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Berita Hari Ini Trade Balance

  • Trade Balance of Indonesia Swings Back into a Surplus in October 2019

    Trade Balance of Indonesia Swings Back into a Surplus in October 2019

    Indonesia’s trade balance swung back into a surplus in October 2019. Statistics Indonesia (BPS), which released the country’s latest trade data on 15 November 2019, reported a USD $161 million trade surplus for Indonesia in October. It is an improvement from the USD $164 million trade deficit the country had experienced in the preceding month, and a huge improvement from the USD $1.76 billion trade deficit in the same month one year earlier (October 2018).

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  • Trade Balance of Indonesia Swings Back into Deficit in July 2019

    Trade Balance of Indonesia Swings Back into Deficit in July 2019

    Indonesia’s trade balance swung back into a deficit in July 2019 as the country’s exports could not compensate for its imports. However, at USD $63 million, the monthly deficit is not too big (compared to the USD $2.3 billion and USD $1.1 billion deficits that were recorded in April and January, respectively).

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  • Monetary Policy Central Bank: Bank Indonesia's Decisions at the June Meeting

    Monetary Policy Central Bank: Bank Indonesia's Decisions at the June Meeting

    In line with expectations, the central bank of Indonesia (Bank Indonesia) decided to leave its benchmark interest rate – the BI 7-Day Reverse Repo Rate – unchanged at 6.00 percent, while also maintaining its deposit facility and lending facility rates at 5.25 percent and 6.75 percent, respectively, at the two-day monthly monetary policy meeting that was held on 19 and 20 June 2019.

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  • Trade Balance Indonesia: Second Consecutive Monthly Surplus in March

    Trade Balance Indonesia: Second Consecutive Monthly Surplus in March

    It was a welcome surprise to see Indonesia recording a trade surplus of USD $540.2 million in March 2019, extending the monthly trade surplus to two (straight) months, which is something we had not seen in more than a year. However, when we take a look at the first quarter of 2019, then Indonesia’s overall trade balance still shows a deficit of USD $193.4 million.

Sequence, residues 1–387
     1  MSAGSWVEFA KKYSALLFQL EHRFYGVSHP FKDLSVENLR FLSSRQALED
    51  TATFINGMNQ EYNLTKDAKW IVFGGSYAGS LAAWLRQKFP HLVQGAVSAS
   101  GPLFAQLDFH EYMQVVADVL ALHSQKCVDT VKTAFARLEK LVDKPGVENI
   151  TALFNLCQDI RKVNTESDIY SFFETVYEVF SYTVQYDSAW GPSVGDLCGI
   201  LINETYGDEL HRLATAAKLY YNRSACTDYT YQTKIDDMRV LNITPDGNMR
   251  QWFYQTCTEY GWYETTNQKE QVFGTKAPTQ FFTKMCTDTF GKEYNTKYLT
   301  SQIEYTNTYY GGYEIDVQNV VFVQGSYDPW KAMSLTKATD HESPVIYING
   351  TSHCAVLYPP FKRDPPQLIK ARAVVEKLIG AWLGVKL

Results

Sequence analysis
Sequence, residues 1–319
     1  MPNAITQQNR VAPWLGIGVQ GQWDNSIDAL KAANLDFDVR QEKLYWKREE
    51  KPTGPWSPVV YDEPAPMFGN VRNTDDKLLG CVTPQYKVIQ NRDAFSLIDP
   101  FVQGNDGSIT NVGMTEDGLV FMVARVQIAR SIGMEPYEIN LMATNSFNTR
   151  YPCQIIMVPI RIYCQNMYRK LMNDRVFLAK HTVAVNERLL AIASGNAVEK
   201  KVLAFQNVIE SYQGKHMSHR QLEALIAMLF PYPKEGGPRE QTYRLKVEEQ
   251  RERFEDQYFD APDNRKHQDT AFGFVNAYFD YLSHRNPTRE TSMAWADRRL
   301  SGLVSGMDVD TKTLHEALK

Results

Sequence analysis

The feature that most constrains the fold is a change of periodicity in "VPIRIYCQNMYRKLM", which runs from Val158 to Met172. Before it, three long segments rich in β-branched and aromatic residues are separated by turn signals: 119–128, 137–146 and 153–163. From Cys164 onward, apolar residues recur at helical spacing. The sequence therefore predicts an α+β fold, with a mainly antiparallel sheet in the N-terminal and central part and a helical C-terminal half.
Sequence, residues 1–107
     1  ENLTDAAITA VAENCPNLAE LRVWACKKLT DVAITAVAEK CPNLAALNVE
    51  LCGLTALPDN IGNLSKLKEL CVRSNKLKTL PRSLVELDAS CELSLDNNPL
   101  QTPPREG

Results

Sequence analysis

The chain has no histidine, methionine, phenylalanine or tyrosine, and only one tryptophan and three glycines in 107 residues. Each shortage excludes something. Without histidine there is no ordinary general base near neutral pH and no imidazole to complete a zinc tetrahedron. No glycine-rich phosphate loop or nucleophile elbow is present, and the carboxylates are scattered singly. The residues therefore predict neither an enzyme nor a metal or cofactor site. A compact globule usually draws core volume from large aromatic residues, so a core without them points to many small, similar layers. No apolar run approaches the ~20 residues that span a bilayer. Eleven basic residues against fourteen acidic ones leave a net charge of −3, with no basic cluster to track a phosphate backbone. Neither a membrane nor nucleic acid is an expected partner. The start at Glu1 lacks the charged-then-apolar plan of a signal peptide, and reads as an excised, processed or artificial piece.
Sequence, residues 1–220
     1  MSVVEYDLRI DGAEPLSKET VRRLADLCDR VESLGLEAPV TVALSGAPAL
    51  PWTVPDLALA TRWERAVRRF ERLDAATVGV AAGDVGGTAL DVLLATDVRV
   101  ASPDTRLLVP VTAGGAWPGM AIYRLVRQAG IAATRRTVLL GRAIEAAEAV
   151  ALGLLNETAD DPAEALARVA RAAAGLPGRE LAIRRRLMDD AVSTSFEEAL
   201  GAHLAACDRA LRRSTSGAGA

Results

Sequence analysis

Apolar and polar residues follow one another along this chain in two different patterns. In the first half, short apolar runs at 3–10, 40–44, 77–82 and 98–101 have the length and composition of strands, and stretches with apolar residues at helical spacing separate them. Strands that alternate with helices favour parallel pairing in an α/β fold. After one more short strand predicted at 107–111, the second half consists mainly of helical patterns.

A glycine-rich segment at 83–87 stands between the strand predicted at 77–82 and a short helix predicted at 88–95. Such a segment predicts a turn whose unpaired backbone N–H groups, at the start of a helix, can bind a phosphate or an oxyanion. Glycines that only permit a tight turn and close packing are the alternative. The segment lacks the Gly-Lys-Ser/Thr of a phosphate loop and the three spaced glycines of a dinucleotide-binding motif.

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  • Current Account Remains Indonesia's Achilles' Heel; Trade Balance Concerns Persist

    Current Account Remains Indonesia's Achilles' Heel; Trade Balance Concerns Persist

    Indonesia’s current account deficit widened to USD $31.1 billion, equivalent to 2.98 percent of the country’s gross domestic product (GDP), in full-year 2018. It is a big deterioration compared to the USD $17.29 billion deficit (1.7 percent of GDP) in the preceding year. It means the current account balance remains the Achilles’ heel of the Indonesian economy, one that – potentially - triggers rapid and large capital outflows in times of global economic turmoil.

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  • Plans to Raise Import Tax for Certain Goods Meets Resistance

    Plans to Raise Import Tax for Certain Goods Meets Resistance

    The Indonesian government is planning to impose measures in order to curtail imports into Indonesia (in an effort to improve the trade balance, current account balance, and strengthen the rupiah exchange rate). One measure that is currently being prepared by the Finance Ministry is higher import tariffs for certain goods. Another measure that is being studied is reducing the number of entrance points for imports.